“Don’t it always seem to go That you don’t know what you’ve got ‘Till it’s gone”
Joni Mitchell, Big Yellow Taxi (1970)
I was just 14 when Big Yellow Taxi struck an emotional chord in me. Nearly a half century later, these words matter more to our own survival than any time in human history. This May, carbon emissions hit an all-time high as temperature gauges near the Arctic Circle in northwest Russia recorded the unthinkable: 87 degrees F when it’s supposed to be in the 50s! Perhaps, even worse, the Intergovernmental Science-Policy Platform on Biodiversity and Ecosystem Services released findings that 1 million species will soon go the way of the dodo, as humanity draws down more of its share of the planet’s life-giving systems. This is a crisis of immense proportions and most of humanity really won’t know what we got till it’s gone.
Every single species on this planet is a freak of the Universe. We were born out of a Cosmic explosion billions of years ago triggering swirling star-dust clouds and Cosmic debris that eventually coalesced into this amazing and highly improbable (unique) blue-ball-of life.
With blatant disregard for the great Mystery in all this, we face an ultimatum.
Last year, the Alliance of World Scientists issued its second warning to humanity that we were on an unprecedented collision course with Nature. The Intergovernmental Panel on Climate Change issued its latest findings that we have just 12 years to drastically cut emissions or we will enter the never-been-seen before world of climate chaos. So, for argument’s sake, and to be on the safer side, let’s start the countdown at 10 years before the climate is baked in. That’s a blinkof-an eye in a lifetime.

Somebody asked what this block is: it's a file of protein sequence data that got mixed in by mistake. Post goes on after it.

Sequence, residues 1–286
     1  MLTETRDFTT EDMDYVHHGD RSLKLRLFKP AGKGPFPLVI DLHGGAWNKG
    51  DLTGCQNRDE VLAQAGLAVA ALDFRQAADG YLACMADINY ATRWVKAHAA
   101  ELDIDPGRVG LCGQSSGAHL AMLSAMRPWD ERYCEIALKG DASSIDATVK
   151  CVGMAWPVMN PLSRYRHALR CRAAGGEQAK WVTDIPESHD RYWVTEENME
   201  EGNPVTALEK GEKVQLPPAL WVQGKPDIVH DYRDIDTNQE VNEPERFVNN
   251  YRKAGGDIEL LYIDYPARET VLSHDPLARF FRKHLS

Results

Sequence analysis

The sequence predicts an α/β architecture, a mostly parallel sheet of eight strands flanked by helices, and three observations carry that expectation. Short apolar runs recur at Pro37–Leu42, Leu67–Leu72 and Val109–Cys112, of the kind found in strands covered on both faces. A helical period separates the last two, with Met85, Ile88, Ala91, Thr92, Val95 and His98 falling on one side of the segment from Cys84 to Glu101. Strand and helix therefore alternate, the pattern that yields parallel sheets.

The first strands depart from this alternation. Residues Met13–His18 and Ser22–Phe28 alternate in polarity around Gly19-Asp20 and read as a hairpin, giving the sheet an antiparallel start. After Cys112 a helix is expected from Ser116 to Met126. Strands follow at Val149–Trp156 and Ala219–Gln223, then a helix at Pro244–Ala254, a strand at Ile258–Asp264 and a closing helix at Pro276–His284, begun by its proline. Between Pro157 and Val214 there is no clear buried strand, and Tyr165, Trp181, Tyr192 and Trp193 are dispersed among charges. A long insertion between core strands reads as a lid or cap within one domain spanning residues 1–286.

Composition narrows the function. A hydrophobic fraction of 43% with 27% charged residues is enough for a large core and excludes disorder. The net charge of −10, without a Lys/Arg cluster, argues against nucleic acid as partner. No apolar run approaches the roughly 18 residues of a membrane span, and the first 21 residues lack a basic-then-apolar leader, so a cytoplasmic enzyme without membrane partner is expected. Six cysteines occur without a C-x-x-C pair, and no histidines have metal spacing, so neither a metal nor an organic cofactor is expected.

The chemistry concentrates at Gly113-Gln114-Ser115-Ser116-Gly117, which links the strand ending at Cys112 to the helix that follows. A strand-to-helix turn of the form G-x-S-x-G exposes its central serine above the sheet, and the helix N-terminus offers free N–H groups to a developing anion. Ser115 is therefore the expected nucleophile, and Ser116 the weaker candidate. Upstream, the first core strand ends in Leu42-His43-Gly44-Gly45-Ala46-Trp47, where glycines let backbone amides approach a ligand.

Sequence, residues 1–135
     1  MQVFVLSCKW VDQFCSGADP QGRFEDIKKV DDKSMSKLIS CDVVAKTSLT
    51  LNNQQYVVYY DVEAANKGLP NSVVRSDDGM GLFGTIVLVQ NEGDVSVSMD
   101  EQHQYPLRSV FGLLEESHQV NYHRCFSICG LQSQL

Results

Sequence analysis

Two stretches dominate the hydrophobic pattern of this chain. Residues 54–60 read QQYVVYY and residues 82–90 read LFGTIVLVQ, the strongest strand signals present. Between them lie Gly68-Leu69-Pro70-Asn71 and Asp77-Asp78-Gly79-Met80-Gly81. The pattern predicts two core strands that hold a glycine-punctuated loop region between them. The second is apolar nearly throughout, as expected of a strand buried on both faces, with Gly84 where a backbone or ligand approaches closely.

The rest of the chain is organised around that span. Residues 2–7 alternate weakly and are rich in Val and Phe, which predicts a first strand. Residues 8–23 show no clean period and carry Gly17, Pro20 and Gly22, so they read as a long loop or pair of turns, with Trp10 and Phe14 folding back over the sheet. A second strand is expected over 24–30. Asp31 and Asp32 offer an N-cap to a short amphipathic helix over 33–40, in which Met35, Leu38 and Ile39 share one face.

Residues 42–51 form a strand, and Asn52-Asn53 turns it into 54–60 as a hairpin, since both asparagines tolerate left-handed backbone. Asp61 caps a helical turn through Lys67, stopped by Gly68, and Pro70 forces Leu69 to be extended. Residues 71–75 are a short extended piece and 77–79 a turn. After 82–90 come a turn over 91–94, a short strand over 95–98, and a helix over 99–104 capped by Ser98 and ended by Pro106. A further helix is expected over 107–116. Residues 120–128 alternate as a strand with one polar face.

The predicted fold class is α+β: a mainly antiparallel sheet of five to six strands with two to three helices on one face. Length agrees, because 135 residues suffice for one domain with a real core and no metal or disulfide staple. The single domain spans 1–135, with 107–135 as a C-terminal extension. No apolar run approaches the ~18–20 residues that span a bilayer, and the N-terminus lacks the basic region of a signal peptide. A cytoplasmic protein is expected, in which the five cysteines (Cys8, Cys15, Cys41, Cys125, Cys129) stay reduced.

In crisis, there is always opportunity to heal, to rise up, to become a better person, to choose a different future, to be a better planet. We’ve all been there but it’s time now for our species to rise up. To meet the challenge, I’m proposing a “blink-of-an eye” campaign to save humanity from itself. A moonshot-scale about face to keep dinosaur carbon in the ground by breaking our addiction to fossil fuels, and to keep atmospheric carbon in forests and other carbon-dense ecosystems by protecting them from insatiable developers.
And we need to combine ecological with social justice movements. The Green New Deal, The Global Deal for Nature, Nature Needs Half, Half Earth have each set ambitious targets. #MeToo, Black Lives Matter, Indigenous Rights, LGBTQ and other social change movements show the next generation that we at least gave it our best shot.
Such bold action on climate is being led by the youth – Our Children’s Trust and Greta Thunberg – along with elders like the International Council of Thirteen Grandmothers and the Man Kind Project seeking to heal interpersonal and planetary wounds.
Carl Sagan prophetically wrote in Contact, “You’re an interesting species. An interesting mix. You’re capable of such beautiful dreams, and such horrible nightmares.” As a scientist and a loving parent, those words ring truer to me today than in 1970. I’m doing my part to make sure the beautiful dreams prevail over the horrible nightmares because it can all be gone in the-blinkof-an eye.
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essay written by Dominick A. DellaSala as part of an upcoming book “What Can I Do to Help the Environmental Crisis” (Routledge)
Dominick A. DellaSala is President and Chief Scientist of the Geos Institute in Ashland, Oregon and former President of the Society for Conservation Biology, North America. He is an internationally renowned author of over 200 technical papers and books on forest ecology, endangered species, conservation biology, and climate change. Dominick has given keynote talks ranging from academic conferences to the United Nations Earth Summit. He has been featured in hundreds of news stories and documentaries, testified in the US congress, cofounded organizations, and has received conservation leadership and book writing awards. He is on the editorial board of Elsevier, co-editor of the Encyclopedia of the Anthropocene and The World’s Biomes, and editor of scientific journals. Dominick is motivated by his work to leave a living planet for his daughters, grandkids and all that follow.
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